https://en.wikipedia.org/wiki/Einstein–Hilbert_action
 
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The "how" in GR is essentially axiomatic, defined by the Einstein Field Equations - which Eisntenin developed from some general principles and the requirement to approximate Newtonian gravity in the appropriate limit. They can also de derived using the Einstein-Hilbert action. See, for example:

https://en.wikipedia.org/wiki/Einstein–Hilbert_action
Thanks. I looked at your reference. My brain cell is now recovering from PTSD. I'll take your word for it. :cool:
 
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Summary:: Why are gravitons expected to exist when gravity is just warped space time?

As per the summary I don't understand why physicists talk as if gravitons are inevitable, when gravity is just curved spacetime? Why would curved spacetime have a particle?
I've also been wanting to ask this question, but was afraid of making a fool of myself. I'm glad to see I'm not the only one puzzled by this...

Regards.
 
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  • #20
haushofer
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For me, this question arised in the context of describing strings in curved spacetime.
 
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This is basically the same as asking why a smooth electromagnetic wave needs photons. On small scales space is not smooth anymore but bumpy, so to speak. Spacetime on a small scale behaves fundamentally diferent from macroscopic classical spacetime. A smooth gravitational wave is thought to exist of zillions metric carrying (or space distortions themselves) carrying gravitons just as a smooth EM wave is composed of zillions of photons.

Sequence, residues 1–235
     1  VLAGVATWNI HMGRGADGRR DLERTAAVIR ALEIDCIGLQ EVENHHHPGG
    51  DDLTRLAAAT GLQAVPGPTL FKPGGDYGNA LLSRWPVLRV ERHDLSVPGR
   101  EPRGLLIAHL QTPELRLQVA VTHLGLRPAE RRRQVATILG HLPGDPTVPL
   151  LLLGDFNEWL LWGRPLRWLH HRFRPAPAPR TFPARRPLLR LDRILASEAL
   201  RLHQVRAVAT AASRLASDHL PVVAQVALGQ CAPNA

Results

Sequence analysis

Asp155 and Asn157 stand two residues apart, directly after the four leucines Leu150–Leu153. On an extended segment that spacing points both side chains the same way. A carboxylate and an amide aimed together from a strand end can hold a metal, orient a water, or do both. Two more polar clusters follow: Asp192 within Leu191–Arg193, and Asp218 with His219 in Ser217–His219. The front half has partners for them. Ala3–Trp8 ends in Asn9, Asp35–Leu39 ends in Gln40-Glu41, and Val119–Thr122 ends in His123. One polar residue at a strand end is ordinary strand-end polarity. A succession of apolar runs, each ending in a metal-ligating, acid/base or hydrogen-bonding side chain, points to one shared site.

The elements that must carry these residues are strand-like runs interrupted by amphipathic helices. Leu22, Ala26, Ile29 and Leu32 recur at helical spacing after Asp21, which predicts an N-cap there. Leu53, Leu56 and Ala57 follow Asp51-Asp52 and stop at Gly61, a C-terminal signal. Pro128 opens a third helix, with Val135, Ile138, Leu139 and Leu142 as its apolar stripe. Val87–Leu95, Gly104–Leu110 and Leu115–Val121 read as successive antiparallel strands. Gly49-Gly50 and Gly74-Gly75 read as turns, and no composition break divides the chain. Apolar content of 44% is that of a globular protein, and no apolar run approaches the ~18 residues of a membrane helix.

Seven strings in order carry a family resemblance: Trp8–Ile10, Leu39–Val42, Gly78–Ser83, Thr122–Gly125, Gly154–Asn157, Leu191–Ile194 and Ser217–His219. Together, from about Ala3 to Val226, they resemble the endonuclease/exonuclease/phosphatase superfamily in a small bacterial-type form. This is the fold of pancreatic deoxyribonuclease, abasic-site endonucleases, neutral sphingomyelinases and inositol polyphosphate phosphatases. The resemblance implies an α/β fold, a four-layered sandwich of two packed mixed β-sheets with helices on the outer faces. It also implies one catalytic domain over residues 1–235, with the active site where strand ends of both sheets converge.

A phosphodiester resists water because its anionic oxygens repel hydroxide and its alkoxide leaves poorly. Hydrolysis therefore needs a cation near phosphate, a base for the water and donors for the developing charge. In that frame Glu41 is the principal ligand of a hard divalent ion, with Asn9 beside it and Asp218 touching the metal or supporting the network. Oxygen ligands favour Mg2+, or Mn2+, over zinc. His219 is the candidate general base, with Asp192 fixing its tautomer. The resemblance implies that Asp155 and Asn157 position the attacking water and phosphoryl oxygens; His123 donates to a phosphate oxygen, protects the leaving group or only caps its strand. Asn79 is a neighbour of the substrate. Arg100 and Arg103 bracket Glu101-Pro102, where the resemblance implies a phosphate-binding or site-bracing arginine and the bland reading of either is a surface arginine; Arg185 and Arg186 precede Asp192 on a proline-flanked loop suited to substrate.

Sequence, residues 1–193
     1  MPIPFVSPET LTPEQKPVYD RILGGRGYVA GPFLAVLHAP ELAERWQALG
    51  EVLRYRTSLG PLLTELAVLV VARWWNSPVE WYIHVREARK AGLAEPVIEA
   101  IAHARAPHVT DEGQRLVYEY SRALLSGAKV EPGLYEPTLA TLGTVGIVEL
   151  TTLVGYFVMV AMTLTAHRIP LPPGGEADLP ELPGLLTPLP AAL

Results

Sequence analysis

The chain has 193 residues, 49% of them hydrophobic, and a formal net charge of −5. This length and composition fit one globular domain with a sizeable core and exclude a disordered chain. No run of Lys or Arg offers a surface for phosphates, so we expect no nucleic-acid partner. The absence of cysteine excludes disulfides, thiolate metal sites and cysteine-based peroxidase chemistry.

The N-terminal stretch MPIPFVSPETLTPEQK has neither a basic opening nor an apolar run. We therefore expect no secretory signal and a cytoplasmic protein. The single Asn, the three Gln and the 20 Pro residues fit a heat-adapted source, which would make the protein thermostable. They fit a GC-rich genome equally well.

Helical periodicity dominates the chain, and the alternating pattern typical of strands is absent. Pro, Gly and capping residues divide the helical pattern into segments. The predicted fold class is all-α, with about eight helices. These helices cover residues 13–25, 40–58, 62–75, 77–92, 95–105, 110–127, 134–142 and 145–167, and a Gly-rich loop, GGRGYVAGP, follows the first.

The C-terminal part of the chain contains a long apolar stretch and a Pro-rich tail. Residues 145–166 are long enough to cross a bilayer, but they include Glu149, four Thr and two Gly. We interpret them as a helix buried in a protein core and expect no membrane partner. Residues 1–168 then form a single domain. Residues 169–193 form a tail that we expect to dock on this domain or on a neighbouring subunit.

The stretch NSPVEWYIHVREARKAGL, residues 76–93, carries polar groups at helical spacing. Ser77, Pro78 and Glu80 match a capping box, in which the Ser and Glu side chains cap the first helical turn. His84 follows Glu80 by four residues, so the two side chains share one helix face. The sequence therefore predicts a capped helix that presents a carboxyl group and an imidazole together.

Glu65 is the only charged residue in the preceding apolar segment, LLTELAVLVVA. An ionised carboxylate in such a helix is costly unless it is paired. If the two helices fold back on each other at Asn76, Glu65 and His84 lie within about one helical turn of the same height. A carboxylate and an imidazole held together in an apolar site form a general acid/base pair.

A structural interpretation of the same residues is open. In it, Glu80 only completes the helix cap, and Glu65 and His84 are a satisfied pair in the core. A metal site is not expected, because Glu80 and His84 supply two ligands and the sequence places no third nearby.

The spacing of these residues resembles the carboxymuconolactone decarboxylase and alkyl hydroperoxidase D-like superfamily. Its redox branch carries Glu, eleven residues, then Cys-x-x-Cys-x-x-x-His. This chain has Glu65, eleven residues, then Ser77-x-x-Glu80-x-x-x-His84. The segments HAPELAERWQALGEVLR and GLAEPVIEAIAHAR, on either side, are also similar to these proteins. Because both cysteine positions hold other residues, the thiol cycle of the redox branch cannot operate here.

I see there is a sceptical reaction. I think I know why. Maybe the comparison with an EM wave is not that good (it is though for DW's). The comparison must be made with the smooth electric field surrounding a charge. That is a condensate of virtual photons (fluctuations in the photon field). Likewise, a mass is surroundinde by (or immersed in) curved smooth space. Likewise, this curved space is a condensate of virtual gravitons.

There are not two different mechanisms at work (particle mediated and metric mediated).
 
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On small scales space is not smooth anymore but bumpy

We do not know that. Most of quantum gravity models predict that, but it can be that spacetime is perfectly smooth even on such scales.
That is a condensate of virtual photons

No it is not. "Virtual particles" is just a name for internal lines of Feynman diagrams which are usually drawn in the context of perturbative approach to scattering (and other) processes. In the non-perturbative context virtual particles do not appear, so trying to invoke them in every situation is misleading at best, even though a lot of pop-sci authors do that. As always when it comes to virtual particles, I recommend reading these insights articles:
https://www.physicsforums.com/insights/misconceptions-virtual-particles/
https://www.physicsforums.com/insights/physics-virtual-particles/
 
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  • #23
PeterDonis
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The OP question has been addressed. Thread closed.